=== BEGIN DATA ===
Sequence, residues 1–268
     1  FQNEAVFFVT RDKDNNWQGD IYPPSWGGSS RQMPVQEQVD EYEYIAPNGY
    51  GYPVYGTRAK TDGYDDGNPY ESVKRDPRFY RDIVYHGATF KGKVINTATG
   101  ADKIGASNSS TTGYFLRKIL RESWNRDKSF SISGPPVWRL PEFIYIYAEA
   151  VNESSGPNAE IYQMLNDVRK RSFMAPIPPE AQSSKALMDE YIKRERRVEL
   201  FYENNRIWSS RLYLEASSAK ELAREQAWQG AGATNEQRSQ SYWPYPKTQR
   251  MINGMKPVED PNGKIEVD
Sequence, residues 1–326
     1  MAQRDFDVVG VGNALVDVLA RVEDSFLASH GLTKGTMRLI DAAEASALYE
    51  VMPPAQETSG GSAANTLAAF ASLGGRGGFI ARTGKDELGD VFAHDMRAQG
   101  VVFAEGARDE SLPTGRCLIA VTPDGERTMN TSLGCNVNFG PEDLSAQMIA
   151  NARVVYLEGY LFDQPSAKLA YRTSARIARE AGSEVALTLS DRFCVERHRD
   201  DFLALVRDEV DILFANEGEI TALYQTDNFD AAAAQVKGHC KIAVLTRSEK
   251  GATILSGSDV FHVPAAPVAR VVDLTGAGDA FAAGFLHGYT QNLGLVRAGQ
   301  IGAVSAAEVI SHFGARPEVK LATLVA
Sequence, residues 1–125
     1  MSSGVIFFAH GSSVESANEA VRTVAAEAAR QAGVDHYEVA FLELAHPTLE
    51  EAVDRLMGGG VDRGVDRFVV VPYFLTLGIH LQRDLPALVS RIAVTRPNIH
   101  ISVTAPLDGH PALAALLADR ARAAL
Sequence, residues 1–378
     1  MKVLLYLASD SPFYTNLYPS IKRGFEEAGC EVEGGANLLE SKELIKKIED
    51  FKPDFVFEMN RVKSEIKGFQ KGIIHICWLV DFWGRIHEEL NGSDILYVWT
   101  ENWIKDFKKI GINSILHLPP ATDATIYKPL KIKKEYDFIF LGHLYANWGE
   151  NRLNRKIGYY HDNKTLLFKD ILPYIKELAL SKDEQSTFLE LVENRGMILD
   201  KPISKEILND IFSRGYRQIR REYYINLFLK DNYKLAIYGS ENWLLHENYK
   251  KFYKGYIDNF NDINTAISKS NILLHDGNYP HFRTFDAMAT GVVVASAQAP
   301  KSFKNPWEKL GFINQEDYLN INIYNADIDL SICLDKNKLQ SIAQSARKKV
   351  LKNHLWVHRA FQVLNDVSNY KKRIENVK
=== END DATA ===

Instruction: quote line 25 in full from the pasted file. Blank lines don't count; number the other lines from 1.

   201  KPISKEILND IFSRGYRQIR REYYINLFLK DNYKLAIYGS ENWLLHENYK